When your child is on the ketogenic diet for seizures, the word “ketone” is a part of your everyday vocabulary. Not only do you talk about them, chances are that you measure them regularly as well. Despite this, you may find yourself wondering, “What are ketones anyways?” In today’s post, I’ll try to answer all of your questions about ketones.
Ketones, sometimes referred to as “ketone bodies”, are water-soluble compounds (meaning that they dissolve in water) that are produced as “byproducts” when the body burns fat for energy . Normally, the body produces only small quantities of ketones but ketone production increases when the body is using fat as a primary source of fuel. This happens during starvation, when the liver burns stored body fat for energy, and on a ketogenic diet, when the liver burns large quantities of dietary fat for energy.
As the liver burns fat, ketones build up in the blood and the body is said to be in “ketosis”. Ketones are transported from the liver through the blood to the brain, heart, and skeletal muscles where they can be used for energy.
Types of Ketones:
There are 3 different types of ketones: beta-hydroxybutyrate, acetoacetate, and acetone. Beta-hydroxybutyrate and acetoacetate are the most abundant ketones. Acetone is produced in much smaller quantities, making up just a small proportion of the total ketone levels. While beta-hydroxybutyrate and acetoacetate are transported through the blood to provide energy to other parts of the body, acetone is not. Instead, it is exhaled through the lungs, which is why individuals on the ketogenic diet may have a characteristic smell to their breath.
When the body is in ketosis, ketones can be detected in the blood, urine and even in the breath.
Health care providers typically measure a patient’s ketone levels using blood or urine tests. Blood tests measure the blood levels of beta-hydroxybutyrate specifically. Urine tests, on the other hand, measure the levels of acetoacetate primarily. Although blood tests are generally viewed as more reliable measures of ketosis, urine testing is more practical for caregivers. Health care providers may use blood tests to evaluate ketone levels during diet initiation and at follow-up appointments but most families will measure ketones at home using urine test strips. Ketones can also be measured in the breath, although this is not a commonly used method [4, 5]. Breath testing of ketones specifically measures the level of acetone exhaled.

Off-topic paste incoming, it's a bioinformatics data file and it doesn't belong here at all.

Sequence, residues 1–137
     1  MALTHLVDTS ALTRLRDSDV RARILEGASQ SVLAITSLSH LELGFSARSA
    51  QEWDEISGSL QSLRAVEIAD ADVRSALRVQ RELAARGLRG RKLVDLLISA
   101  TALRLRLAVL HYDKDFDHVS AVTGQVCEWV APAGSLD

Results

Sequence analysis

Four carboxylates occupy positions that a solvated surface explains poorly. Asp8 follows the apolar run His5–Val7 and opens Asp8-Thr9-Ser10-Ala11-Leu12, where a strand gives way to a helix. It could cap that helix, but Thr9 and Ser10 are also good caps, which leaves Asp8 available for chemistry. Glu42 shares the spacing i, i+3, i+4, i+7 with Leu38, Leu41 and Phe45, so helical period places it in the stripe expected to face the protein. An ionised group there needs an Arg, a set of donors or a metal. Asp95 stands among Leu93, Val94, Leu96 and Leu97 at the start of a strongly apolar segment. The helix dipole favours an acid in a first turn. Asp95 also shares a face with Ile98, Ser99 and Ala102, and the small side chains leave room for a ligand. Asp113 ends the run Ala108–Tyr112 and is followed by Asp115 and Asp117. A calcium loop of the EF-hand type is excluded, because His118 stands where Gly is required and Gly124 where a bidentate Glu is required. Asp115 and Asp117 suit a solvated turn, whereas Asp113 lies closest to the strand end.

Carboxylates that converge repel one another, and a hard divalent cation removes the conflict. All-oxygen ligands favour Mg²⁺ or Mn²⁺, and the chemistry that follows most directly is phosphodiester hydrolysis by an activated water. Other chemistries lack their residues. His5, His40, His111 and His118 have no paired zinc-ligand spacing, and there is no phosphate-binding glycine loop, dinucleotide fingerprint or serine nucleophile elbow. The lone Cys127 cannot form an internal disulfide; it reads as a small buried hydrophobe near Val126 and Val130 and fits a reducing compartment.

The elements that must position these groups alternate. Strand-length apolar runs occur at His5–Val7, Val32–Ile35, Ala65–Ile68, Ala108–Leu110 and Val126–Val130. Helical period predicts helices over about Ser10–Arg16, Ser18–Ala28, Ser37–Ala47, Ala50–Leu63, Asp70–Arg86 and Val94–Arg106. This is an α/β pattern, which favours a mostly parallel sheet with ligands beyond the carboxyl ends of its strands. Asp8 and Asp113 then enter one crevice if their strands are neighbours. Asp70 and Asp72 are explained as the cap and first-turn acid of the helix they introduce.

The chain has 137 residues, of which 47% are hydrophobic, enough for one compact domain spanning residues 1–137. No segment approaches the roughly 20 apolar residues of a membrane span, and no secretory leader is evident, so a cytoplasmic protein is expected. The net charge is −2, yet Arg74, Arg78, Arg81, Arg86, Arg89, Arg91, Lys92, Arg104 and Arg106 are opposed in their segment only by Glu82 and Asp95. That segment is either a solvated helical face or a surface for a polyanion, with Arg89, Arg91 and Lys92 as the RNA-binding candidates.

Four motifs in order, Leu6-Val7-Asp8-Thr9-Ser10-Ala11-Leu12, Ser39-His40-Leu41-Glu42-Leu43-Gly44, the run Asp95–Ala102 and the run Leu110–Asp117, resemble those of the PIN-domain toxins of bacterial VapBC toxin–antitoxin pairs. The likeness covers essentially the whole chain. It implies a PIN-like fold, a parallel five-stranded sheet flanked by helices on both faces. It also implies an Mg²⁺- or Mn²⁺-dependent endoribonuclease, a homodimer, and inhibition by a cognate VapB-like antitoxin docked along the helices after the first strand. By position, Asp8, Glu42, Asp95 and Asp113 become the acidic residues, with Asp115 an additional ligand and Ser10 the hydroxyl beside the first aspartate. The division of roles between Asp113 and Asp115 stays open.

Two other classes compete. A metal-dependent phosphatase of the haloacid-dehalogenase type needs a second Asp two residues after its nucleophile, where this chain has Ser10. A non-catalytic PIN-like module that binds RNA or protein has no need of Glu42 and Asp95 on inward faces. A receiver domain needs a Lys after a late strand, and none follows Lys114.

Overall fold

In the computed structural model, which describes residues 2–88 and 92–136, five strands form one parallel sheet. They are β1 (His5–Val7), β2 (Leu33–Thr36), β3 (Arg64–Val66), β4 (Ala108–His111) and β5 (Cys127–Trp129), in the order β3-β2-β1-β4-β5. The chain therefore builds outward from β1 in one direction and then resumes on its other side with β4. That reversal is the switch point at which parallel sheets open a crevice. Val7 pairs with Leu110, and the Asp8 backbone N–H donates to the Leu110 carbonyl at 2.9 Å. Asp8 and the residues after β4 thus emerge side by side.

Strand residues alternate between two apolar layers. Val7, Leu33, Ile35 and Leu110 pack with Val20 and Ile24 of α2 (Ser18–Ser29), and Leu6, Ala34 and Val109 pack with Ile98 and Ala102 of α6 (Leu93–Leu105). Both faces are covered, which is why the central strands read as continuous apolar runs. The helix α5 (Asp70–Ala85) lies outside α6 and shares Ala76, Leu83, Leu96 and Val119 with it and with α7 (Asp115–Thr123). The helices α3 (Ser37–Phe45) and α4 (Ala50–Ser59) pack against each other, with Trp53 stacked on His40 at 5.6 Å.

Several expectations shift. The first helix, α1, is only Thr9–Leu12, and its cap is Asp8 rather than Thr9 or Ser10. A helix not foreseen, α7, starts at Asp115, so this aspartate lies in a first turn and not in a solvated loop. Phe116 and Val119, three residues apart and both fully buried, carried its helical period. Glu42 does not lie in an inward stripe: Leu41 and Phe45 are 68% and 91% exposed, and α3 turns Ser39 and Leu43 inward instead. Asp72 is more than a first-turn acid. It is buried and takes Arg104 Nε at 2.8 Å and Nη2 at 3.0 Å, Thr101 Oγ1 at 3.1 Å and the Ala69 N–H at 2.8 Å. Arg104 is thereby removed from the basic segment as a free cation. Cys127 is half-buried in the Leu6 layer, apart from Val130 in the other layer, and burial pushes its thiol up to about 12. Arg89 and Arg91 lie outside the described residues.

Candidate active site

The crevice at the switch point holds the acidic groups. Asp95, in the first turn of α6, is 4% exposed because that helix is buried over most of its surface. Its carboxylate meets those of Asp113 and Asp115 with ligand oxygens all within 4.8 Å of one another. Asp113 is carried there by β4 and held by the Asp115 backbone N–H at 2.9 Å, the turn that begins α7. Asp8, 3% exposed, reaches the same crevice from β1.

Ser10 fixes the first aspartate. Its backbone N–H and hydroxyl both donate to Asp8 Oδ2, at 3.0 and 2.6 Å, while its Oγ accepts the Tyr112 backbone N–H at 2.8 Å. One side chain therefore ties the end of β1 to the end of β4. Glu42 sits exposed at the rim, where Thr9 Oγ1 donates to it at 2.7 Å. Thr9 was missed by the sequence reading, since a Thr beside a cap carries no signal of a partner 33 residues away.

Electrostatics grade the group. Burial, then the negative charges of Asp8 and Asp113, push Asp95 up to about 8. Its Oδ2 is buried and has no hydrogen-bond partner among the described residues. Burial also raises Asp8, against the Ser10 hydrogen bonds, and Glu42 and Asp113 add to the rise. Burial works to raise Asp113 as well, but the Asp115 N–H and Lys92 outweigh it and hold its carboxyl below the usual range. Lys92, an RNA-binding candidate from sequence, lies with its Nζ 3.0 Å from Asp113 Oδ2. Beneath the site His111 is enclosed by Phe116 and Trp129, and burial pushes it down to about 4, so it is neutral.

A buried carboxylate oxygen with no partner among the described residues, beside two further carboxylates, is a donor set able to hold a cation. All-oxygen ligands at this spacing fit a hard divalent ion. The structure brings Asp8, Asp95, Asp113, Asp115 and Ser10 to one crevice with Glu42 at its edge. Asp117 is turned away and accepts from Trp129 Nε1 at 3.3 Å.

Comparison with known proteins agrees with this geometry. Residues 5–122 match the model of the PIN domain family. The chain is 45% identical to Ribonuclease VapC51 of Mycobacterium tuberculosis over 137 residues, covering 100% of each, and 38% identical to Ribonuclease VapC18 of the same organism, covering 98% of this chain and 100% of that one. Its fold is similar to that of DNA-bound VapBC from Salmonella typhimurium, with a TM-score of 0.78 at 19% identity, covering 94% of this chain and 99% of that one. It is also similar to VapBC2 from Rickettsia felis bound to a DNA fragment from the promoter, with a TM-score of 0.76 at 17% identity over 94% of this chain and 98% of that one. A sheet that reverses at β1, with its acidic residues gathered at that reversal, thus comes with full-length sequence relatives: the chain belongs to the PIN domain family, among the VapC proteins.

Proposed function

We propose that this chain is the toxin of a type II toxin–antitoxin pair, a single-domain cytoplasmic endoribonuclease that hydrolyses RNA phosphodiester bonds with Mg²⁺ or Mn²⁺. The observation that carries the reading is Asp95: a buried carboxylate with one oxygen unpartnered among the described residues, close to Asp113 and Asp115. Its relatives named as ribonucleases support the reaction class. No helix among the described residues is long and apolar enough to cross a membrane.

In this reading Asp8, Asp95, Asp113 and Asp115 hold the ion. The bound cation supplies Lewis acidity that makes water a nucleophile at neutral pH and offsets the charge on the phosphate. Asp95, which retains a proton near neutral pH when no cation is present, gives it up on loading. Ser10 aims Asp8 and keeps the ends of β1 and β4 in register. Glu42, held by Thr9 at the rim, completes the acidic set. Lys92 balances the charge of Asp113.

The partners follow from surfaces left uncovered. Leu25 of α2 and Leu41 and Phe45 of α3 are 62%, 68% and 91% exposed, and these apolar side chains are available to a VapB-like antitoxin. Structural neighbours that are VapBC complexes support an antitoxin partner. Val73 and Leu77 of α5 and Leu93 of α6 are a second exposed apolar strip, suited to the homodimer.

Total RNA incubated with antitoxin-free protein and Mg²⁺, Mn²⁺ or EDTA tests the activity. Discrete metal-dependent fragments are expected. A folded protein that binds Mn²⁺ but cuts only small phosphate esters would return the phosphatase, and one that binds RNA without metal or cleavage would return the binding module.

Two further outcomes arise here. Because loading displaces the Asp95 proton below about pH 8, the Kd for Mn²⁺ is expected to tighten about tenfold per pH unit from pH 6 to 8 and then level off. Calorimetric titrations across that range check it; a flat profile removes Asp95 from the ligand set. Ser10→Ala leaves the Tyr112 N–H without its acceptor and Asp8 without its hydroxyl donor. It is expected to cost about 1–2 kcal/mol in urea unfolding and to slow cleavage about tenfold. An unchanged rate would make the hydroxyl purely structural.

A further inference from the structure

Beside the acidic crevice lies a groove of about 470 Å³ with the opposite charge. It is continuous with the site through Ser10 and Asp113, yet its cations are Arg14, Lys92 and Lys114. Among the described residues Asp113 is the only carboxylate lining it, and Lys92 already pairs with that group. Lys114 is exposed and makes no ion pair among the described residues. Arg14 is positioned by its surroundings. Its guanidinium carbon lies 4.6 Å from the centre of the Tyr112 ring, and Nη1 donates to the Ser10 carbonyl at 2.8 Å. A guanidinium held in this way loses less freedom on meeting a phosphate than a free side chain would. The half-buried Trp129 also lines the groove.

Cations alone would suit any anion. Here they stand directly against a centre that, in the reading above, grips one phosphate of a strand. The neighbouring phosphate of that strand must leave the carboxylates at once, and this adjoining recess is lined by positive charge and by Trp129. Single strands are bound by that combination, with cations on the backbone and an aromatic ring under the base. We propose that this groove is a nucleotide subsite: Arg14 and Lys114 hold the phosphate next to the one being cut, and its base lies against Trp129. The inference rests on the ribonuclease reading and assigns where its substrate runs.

The Role of Ketones in Seizure Control
Because ketones can pass through the blood-brain-barrier, they are able to enter the brain to provide fuel. There are many theories about how the ketogenic diet works to reduce seizures. One theory is that the ketones have an antiepileptic effect on the brain. However, we still don’t know exactly what role ketones play. Although ketone levels are good indicators that the body is in ketosis, the level of ketones do not always correlate with the degree of seizure control. In other words, some individuals may have high levels of ketones but poor seizure control while others have low ketones but good seizure control. Because of this, some researchers believe that ketone levels may just be a sign that the body is in ketosis and that perhaps there is some other factor associated with ketosis that is responsible for the effect on seizures.
Thanks for reading today’s post on ketones. I hope that I answered your questions but if not, feel free to ask questions in the comment section below. We’ll see you next week!
- Kossoff, E.H., et al., Ketogenic Diets: Treatments for Epilepsies and Other Disorders. Fifth ed. 2011, New York, NY: Demos Medical Publishing.
- Nelson, D.L. and M.M. Cox, Lehninger Principles of Biochemistry. Third ed. 2000, United States of America: Worth Publishers.
- Qiao, Y., et al., Breath ketone testing: a new biomarker for diagnosis and therapeutic monitoring of diabetic ketosis. Biomed Res Int, 2014. 2014: p. 869186.
- Musa-Veloso, K., S.S. Likhodii, and S.C. Cunnane, Breath acetone is a reliable indicator of ketosis in adults consuming ketogenic meals. Am J Clin Nutr, 2002. 76(1): p. 65-70.
- Musa-Veloso, K., et al., Breath acetone predicts plasma ketone bodies in children with epilepsy on a ketogenic diet. Nutrition, 2006. 22(1): p. 1-8.
- Danial, N.N., et al., How does the ketogenic diet work? Four potential mechanisms. J Child Neurol, 2013. 28(8): p. 1027-33.